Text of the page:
Ev Williams is stepping down from his role as Twitter CEO.
COO Dick Costolo be taking over as CEO. Costolo joined Twitter in September 2009.
Williams became CEO when co-founder Jack Dorsey was pushed out of the company.
Williams run at the top of Twitter was mixed. The service exploded in popularity, but it still has a lot of problems.
For instance, Twitter was down for a few minutes right around the time the company announced this news. And we still don’t have access to the new design of Twitter.com, weeks after it debuted.
Costolo has been in charge of Twitter’s money making moves of late. He’s been the public face of the company when talking about promoted tweets and trends. He’s a much better public speaker than Williams, which is good for a CEO.
Before Twitter, Costolo was CEO of FeedBurner, which eventually sold to Google.
Twitter explains the move on its blog:
By all accounts Twitter is on a roll. We’ve redesigned our web site to great user feedback. Our user and usage numbers are growing at a rapid clip all around the world. We’ve launched an early, but successful, monetization effort. And, many top engineers, product designers, sales people and other key folks have joined our quickly growing team.
In fact, there are 300 people working at Twitter today—compared to about 20 when I took the CEO job two years ago. Back then, people were creating about 1.25 million tweets a day—compared to 90 million today. In those same two years, we grew from 3 million registered users to more than 160 million today.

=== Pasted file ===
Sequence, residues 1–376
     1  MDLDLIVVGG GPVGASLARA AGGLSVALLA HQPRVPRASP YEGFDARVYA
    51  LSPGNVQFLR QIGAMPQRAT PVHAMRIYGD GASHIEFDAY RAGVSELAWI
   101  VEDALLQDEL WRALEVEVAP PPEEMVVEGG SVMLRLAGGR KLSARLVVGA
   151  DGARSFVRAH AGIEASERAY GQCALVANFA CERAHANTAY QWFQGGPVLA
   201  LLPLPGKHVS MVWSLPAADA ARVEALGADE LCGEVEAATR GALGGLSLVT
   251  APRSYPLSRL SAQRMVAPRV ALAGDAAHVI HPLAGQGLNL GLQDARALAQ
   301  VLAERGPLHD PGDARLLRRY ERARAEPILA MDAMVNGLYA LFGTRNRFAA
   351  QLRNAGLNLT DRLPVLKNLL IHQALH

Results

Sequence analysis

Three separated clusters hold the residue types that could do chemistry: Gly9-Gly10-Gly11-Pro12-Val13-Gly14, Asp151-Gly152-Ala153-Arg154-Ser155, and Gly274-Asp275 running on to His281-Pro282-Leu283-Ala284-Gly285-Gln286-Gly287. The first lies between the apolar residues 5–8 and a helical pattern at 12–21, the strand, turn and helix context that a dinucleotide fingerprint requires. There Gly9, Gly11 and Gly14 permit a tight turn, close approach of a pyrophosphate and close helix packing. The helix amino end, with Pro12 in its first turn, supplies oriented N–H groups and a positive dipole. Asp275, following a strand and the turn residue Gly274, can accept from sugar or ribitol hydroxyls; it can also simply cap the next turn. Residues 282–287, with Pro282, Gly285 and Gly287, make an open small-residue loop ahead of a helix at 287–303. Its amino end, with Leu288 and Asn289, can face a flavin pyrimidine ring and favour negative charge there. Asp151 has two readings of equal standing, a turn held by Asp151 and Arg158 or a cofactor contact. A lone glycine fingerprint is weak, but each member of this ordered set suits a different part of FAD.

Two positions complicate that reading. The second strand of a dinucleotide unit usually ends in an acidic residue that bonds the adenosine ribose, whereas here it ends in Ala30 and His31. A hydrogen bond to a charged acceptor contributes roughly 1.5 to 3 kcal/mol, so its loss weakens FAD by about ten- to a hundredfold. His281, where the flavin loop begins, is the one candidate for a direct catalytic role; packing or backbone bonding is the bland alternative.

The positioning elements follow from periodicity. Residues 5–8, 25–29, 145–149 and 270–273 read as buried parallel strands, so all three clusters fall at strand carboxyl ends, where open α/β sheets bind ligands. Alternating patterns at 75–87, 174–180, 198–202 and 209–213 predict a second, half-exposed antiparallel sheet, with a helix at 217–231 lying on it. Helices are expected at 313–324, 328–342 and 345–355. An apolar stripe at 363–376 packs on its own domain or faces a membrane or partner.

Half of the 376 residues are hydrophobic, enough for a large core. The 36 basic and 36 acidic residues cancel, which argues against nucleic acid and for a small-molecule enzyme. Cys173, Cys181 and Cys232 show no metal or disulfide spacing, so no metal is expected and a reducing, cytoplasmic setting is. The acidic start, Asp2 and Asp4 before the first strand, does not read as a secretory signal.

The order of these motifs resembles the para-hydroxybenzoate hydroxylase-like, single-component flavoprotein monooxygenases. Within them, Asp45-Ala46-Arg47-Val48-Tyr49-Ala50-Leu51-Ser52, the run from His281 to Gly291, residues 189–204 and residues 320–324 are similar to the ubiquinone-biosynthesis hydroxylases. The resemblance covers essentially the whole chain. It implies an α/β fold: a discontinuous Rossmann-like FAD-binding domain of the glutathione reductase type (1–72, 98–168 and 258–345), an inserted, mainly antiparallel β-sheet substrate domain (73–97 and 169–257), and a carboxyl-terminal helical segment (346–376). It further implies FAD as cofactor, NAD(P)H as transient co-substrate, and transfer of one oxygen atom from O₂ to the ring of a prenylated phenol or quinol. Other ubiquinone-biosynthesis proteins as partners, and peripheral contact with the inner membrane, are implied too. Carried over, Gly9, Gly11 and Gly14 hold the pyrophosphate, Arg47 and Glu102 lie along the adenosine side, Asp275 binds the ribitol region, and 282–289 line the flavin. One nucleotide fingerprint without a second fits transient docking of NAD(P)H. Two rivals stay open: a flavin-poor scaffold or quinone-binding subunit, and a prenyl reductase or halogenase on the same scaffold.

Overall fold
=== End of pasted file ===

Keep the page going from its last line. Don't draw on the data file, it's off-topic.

The challenges of growing an organisation so quickly are numerous. Growing big is not success, in itself. Success to us means meeting our potential as a profitable company that can retain its culture and user focus while having a positive impact on the world. This is no small task. I frequently reflect on the type of focus that is required from everyone at Twitter to get us there.
This led to a realisation as we launched the new Twitter. I am most satisfied while pushing product direction. Building things is my passion, and I’ve never been more excited or optimistic about what we have to build.
This is why I have decided to ask our COO, Dick Costolo, to become Twitter’s CEO. Starting today, I’ll be completely focused on product strategy.
When I insisted on bringing Dick into the COO role a year ago, I got a lot of questions from my board. But I knew Dick would be a strong complement to me, and this has proven to be the case. During his year at Twitter, he has been a critical leader in devising and executing our revenue efforts, while simultaneously and effectively making the trains run on time in the office. Dick can be even more effective at this now because Ali Rowghani, Adam Bain, Mike Abbott, Katie Stanton and Kevin Thau joined our leadership team this year and are having a big impact. Given Dick’s track record as a three-time successful CEO, I’m confident we can make this a smooth transition.
I’m extremely proud of how far Twitter has come in the last two years. And, I couldn’t be more excited about where our amazing team will take it next.
And here’s Dick’s perspective:
I love working with Evan Williams. During his tenure as CEO, Twitter has gone from 20 employees to 300, from three million registered users to more than 165 million, and from 1.25 million Tweets per day to 90 million today, and he’s done all this while keeping Twitter’s unique culture intact. I completely respect his decision to focus on product strategy and vision. As we’ve all see with the new Twitter, when Ev focuses on product, something amazing can happen. I’m certainly excited to be taking on this role. You couldn’t ask to take a job like this at a better time – the team is incredible, we have awesome stuff in the pipeline, and we’re ready to accomplish more in the next two years than we’ve accomplished in the last four.
See Also: Twitter’s Road To $1 Billion